I do not commit murder under any circumstances.

"I don't think so, Bill. We don't have the political support. We don't have the incentive. Where would a Nobel Prize come from? We can't prove there was ever a timeline different from this one. Besides, this isn't just a more interesting world, it's safer too. Admiral Heinlein doesn't let the Soviets build spacecraft."

Proxmire stopped breathing for an instant. Then, "I suppose he wouldn't."

"Nope. He's taking six of their people on the Mars expedition, though. They paid their share of the cost in fusion bombs for propulsion."

From The Return of William Proxmire by Larry Niven (1989)

Death and the Senator

This story is a rebuke of William Proxmire that is a bit more savage. And rightly so.

Arthur C. Clarke's was a big fan of J. B. S. Haldane, calling Haldane "the finest intellect it has ever been my privilege to know." Clarke was quite bitter about Haldane's tragically short life due to cancer. Haldane once commented on how his life might have been prolonged by living in the microgravity environment of a space station. Clarke said this is one reason why he becomes incandescent with rage when some utter moron says money spend on aeronautic research is a waste, the money would be better spent here on Terra.

Which explains Clarke's reaction to William Proxmire in general, and Proxmire's targeting NASA in particular.


      In May 1967 I was in Dallas to attend the first conference on the commercial uses of space—including tourism. Barron Hilton gave a talk on the Hilton Orbiter Hotel, which he hopes to see in his lifetime. Space tourism is going to be a major industry in the twenty-first century.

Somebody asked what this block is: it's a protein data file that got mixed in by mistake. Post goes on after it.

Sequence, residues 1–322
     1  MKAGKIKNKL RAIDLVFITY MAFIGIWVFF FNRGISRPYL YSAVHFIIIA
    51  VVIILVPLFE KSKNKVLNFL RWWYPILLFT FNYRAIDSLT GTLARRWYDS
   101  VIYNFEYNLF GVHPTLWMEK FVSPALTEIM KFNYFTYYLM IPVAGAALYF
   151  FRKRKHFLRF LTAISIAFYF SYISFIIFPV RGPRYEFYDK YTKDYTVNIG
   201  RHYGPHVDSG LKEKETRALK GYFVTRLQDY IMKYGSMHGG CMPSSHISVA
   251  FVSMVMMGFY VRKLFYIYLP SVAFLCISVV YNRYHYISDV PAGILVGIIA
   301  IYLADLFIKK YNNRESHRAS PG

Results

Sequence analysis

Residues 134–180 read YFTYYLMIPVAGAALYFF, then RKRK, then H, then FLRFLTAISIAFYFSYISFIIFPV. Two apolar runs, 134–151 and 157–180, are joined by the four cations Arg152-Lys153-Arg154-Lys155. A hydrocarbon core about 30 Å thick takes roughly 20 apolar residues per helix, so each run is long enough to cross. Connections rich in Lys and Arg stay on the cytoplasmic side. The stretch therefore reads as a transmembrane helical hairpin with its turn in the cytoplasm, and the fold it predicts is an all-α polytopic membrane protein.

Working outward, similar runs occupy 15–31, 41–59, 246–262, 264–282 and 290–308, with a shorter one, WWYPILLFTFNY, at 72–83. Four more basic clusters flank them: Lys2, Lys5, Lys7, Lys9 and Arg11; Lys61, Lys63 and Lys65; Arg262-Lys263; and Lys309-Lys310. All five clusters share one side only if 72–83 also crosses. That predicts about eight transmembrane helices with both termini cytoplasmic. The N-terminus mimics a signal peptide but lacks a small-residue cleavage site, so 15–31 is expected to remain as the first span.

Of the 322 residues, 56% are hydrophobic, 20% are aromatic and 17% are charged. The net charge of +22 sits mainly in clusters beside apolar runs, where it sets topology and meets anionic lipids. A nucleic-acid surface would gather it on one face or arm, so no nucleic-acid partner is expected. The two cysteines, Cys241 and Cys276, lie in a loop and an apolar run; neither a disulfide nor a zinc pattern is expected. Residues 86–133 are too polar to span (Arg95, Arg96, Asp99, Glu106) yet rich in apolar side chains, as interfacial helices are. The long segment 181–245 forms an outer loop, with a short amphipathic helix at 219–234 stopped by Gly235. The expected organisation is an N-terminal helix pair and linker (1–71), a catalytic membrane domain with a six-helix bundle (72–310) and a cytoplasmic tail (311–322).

Another tremendously important use of space stations will be for medical research; one paper given at Dallas discussed the engineering problem of a hospital in orbit.

     Which brings a poignant memory to mind. The last letter I ever received from that great scientist Professor J. B. S. Haldane was written when he was dying of cancer and in considerable pain from his operations. In it, he said what a boon the weightless environment of a space hospital would be to patients like himself—not to mention burn victims, sufferers from heart complaints, and those afflicted with muscle diseases. I am convinced that research in space will open up unguessed regions of medical knowledge and give us a vast range of new therapies. So I get pretty mad when I hear ignorant but well-intentioned people ask, “Why not spend the space budget on something useful —like cancer research?”